Accord urges safeguards rethink as political leaders hint at new approaches

February 7, 2014

Accord has reaffirmed its call for greater safeguards to ensure that schools do not operate in narrow and exclusive ways after a week when politicians from the largest three Parties at Westminster have signalled a reconsideration of aspects of the current direction in education policy.

On Wednesday (Feb 5th) David Blunkett MP told The Guardian that a Labour Government would seek to introduce new bodies, probably at a sub-regional level, which would be tasked with scrutinising school performance and spending, as well as monitor their admission policies. The former Secretary of State for Education is currently writing a review for the Labour Party on accountability in education.

Yesterday the Minister of State for Schools and Liberal Democrat MP, David Laws, told The Independent that be believed Academy chains should be inspected by Ofsted. Meanwhile it has been revealed today that the Conservative Peer and Parliamentary Under Secretary of State for Schools, Lord Nash, has written to the Trust of the Al-Madinah School in Derby to inform them that they will no longer be able to educate pupils at the secondary stage.

The all-through free school hit the headlines last October, when Lord Nash wrote to governors, calling on them to take ‘urgent steps’, including running checks on all staff with the Home Office’s Disclosure and Barring Service, ceasing any practices meaning ‘… women and girls are treated less favourably than men and boys’ and notifying ‘all staff that they are not required to cover their hair if contrary to their religion or beliefs’. Later that month Ofsted published an inspection report into the school which found it to be ‘inadequate’ under all inspection criteria, concluding that school was ‘dysfunctional’.

Chair of the Accord Coalition, Rabbi Dr Jonathan Romain, said ‘As schools are given greater freedom and autonomy to innovate so it should follow there are more, not fewer safeguards in place, to ensure that freedoms do not serve to further undermine the growth of mutual understanding or fail to properly respect the rights and beliefs of children, parents and staff. Moves to ensure that freedoms are not misused are overdue, so any re-evaluation by policy makers in this area is welcome.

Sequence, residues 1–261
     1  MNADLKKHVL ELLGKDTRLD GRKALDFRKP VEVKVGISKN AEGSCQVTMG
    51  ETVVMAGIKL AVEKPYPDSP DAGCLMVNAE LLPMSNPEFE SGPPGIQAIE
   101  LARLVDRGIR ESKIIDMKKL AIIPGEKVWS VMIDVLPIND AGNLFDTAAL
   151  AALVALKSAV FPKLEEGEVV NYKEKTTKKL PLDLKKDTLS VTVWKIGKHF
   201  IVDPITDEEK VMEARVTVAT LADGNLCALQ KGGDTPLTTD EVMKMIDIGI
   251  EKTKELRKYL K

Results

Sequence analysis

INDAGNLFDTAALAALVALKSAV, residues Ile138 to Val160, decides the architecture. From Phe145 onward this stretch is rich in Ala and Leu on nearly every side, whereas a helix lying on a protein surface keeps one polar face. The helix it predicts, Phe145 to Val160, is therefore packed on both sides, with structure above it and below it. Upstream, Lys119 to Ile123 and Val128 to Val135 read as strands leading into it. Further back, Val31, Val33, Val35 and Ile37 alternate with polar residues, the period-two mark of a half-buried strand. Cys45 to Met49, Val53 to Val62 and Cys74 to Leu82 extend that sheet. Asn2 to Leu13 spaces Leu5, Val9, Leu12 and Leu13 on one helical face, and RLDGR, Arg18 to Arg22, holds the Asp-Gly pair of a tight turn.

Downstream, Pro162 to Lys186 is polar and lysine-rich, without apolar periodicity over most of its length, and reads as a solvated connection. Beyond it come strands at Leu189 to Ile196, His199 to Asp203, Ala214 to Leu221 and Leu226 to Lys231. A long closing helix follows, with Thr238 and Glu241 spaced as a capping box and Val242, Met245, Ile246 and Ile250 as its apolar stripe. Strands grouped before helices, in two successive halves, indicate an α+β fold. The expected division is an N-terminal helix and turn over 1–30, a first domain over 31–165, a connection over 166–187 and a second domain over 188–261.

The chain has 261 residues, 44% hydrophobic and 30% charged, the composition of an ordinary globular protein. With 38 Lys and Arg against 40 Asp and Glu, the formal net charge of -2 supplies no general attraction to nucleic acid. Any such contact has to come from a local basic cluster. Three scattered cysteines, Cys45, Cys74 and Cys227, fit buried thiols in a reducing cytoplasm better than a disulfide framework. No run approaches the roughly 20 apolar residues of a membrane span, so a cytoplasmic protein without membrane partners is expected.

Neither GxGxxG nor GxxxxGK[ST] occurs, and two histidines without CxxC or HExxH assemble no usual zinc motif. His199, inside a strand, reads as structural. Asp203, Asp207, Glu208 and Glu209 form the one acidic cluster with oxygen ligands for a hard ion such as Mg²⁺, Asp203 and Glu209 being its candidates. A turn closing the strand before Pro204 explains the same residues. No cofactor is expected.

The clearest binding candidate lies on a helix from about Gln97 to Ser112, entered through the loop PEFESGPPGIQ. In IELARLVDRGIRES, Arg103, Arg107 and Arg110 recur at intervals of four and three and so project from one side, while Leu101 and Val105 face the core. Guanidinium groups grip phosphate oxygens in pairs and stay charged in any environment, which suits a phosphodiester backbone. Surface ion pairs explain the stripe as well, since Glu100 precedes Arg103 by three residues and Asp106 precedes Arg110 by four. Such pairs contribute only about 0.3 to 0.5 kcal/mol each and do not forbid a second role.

‘Urgent steps that should be taken include instructing Ofsted to again inspect upon how schools contribute to community cohesion; asking faith groups to endorse the recent RE curriculum from the RE Council of England and Wales and bringing to a halt the creation of any more state funded schools that discriminate staff or pupils by faith

One Response to Accord urges safeguards rethink as political leaders hint at new approaches

  1. Beronica on August 6, 2014 at 11:51 am

    To begin with, the author shuold make it clearer that his proposals can relate only to England, as schools policy is devolved. Secondly, why focus on importing language teachers rather than improving the skills of our existing primary-school teachers and those entering training? Why do we always feel we have to import people to remedy our skills shortages? It isn’t just about short-term economics, and if a culture of foreign language learning and use is promoted among our adult population as well as our children including but not limited to the teaching profession then it is arguable that the benefits will be more profound and sustainable.Finally, the main reason for teaching French is not that it was the language our teachers themselves learned at school. That may be the main cause, but there are plenty of other reasons for learning French. In fact, French alongside Latin and Ancient Greek, which is why the private schools do it provides an indispensable foundation for deepening one’s understanding and appreciation for English itself, as the contribution to English of those three languages has been so profound over hundreds of years. As I say, it’s not just about economics but about culture. And even if our focus were primarily economic, it seems bizarre to say the least that we would focus on languages spoken in parts of the world Latin America and China with which our trading relationships are still less important than with our close European neighbours. Alongside French, what about German, which is also by the way an excellent language to learn to deepen one’s understanding of English itself? Africa is also on the rise, where French is still widely spoken. And the emphasis on Spanish is arguably short-sighted, as it’s Brazil that is the motor of the Latin American economies, and they speak Portuguese, not Spanish. Who knows, in ten years’ time, people will be crying out for Portuguese-language skills?I think we need a broader vision of the purposes of language learning, and not a narrow and arguably ineffectual, short-term economic view.

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